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Did the Murdochs hack it?

Having watched today's performance of both the Murdochs at the Parliamentary Select Committee investigation into phone hacking. It was fascinating to see one of the world’s toughest business men Rupert Murdoch, humbly brought down on the hard ground of realism. Flanked by his son James the battle worn hack threw his dignity out of the window and tried very hard to be contrite. In a way it was quite moving, until you listened to the quite feeble answers to the questions posed by a committee of MPs, for once able to take the moral high ground. That’s not happened for years and pretty ironic really.  

Well did they hack it? James’ performance was at times impressive but was badly let down when he kept pleading innocence because he joined after 2007, the last phone hacking scandal. Much of his plea was based around a letter from the solicitors and backed by the police investigation that clearly said that the matter was closed and the perpetrators caught. So as far as News International was concerned, the matter was closed and they moved on. We now know that hacking continued apace leading to the current scandal which is growing rapidly into a crisis.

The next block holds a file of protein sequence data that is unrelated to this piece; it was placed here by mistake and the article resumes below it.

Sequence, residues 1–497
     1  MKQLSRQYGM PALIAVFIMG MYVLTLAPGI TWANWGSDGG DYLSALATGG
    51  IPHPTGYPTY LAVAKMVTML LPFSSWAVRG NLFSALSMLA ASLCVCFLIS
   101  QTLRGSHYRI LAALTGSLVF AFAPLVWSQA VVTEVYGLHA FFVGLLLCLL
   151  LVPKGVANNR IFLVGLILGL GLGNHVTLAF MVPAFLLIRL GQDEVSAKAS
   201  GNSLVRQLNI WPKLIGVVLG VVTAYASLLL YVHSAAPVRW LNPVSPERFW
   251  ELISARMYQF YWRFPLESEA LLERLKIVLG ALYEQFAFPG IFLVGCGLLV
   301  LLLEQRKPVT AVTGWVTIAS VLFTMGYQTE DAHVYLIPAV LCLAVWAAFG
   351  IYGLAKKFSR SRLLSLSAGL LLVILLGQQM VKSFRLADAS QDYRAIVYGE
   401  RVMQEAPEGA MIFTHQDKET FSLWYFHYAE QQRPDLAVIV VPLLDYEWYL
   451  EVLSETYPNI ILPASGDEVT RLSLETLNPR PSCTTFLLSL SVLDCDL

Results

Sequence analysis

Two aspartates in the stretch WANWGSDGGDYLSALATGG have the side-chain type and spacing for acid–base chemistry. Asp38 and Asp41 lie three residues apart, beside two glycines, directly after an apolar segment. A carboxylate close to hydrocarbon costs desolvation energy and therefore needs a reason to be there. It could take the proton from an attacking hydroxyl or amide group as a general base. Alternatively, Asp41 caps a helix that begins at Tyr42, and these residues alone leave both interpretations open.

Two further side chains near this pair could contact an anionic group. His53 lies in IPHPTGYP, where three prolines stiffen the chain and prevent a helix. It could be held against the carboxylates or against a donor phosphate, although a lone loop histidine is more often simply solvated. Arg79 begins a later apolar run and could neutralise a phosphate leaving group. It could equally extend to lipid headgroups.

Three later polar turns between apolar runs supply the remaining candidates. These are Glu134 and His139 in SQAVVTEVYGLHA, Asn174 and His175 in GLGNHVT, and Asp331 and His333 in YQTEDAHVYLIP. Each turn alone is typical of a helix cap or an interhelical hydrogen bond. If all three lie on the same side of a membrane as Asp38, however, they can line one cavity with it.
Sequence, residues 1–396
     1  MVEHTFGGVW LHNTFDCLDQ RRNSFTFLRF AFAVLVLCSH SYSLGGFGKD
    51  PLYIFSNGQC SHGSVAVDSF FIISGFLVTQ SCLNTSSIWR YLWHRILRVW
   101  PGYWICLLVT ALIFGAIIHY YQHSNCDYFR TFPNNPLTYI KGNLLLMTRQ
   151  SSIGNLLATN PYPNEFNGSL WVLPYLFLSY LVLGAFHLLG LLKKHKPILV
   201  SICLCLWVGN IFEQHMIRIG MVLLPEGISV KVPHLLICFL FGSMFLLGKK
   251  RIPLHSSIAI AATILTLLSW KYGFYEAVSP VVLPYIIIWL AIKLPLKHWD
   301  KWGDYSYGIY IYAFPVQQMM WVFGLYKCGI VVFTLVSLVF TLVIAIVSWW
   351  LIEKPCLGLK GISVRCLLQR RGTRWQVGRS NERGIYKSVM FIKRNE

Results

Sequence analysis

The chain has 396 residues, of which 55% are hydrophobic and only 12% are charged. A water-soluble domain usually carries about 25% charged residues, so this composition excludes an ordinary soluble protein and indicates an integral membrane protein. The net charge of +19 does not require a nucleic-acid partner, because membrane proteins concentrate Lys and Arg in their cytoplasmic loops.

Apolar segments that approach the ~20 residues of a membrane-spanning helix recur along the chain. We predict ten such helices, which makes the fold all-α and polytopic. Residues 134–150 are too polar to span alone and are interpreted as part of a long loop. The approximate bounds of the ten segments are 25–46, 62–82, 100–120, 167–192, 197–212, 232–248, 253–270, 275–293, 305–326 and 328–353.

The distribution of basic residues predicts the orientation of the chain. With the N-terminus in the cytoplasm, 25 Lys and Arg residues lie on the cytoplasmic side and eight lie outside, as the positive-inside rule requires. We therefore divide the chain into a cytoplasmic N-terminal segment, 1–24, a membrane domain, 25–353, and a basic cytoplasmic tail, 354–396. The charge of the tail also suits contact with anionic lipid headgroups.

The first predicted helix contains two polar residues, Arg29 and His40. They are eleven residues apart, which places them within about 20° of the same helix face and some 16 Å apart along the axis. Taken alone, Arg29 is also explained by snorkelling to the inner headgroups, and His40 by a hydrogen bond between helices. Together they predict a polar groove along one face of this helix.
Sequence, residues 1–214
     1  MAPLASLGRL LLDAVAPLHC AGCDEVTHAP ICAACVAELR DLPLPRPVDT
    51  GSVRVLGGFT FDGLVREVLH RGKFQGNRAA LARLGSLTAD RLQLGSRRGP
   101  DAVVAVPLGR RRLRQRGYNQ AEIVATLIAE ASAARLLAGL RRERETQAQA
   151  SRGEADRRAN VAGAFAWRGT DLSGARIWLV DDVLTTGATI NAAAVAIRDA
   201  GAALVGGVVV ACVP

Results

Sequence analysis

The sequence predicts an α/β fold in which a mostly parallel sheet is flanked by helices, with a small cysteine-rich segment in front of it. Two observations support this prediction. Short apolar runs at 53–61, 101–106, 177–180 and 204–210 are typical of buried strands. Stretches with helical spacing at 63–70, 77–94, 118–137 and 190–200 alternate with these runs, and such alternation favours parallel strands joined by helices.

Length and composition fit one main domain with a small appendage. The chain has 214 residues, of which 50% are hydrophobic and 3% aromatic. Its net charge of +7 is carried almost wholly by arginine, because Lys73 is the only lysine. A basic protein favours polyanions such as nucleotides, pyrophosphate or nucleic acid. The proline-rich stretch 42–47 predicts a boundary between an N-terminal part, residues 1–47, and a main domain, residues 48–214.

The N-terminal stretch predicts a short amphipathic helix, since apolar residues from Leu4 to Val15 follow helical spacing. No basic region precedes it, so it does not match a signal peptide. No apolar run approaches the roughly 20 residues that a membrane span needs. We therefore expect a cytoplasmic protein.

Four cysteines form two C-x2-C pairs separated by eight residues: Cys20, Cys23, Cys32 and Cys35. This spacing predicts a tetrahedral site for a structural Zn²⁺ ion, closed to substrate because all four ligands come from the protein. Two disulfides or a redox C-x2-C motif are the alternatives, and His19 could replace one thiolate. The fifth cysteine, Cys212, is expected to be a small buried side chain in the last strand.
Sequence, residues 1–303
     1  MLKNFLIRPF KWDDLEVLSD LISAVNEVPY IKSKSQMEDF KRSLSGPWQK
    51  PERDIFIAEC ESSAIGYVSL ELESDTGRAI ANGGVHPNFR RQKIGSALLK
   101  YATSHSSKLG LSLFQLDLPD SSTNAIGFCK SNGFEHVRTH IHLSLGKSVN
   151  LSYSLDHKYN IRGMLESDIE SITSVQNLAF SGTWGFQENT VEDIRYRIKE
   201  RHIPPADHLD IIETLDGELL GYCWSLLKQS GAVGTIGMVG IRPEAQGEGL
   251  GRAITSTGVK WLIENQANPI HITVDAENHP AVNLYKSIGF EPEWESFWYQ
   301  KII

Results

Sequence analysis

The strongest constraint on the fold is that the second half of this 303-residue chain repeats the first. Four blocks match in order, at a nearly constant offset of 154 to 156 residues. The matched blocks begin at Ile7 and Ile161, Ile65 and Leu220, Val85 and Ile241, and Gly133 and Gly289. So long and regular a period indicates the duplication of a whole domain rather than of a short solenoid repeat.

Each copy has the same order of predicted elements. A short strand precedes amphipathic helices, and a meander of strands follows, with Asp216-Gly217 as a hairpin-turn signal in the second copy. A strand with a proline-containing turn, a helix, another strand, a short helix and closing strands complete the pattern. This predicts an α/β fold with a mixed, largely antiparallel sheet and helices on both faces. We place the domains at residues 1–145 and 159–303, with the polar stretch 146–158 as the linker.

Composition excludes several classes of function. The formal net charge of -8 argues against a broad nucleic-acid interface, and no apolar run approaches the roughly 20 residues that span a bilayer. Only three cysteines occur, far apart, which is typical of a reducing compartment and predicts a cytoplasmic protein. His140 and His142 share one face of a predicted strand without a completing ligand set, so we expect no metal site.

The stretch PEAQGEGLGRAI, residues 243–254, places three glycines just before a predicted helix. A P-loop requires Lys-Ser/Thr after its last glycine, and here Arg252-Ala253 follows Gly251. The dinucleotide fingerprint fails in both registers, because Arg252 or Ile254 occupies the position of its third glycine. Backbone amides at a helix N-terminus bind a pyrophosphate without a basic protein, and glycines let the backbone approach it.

One could have had some sympathy with James’ position until he fell headlong into a massive hole of his own making. He clearly had not read the details of the case for today’s committee hearing. This was a major folly and indicates the attitude that must have been rebounding around News International, when the top man shows such a lax attitude. The main reason for this being given was the size of his responsibilities and how busy he was jetting around the world. All of the senior advisors in the world will not be of much use, if the top man does not see the importance of keeping on top of situations, especially those which have corporate reputational risk attached.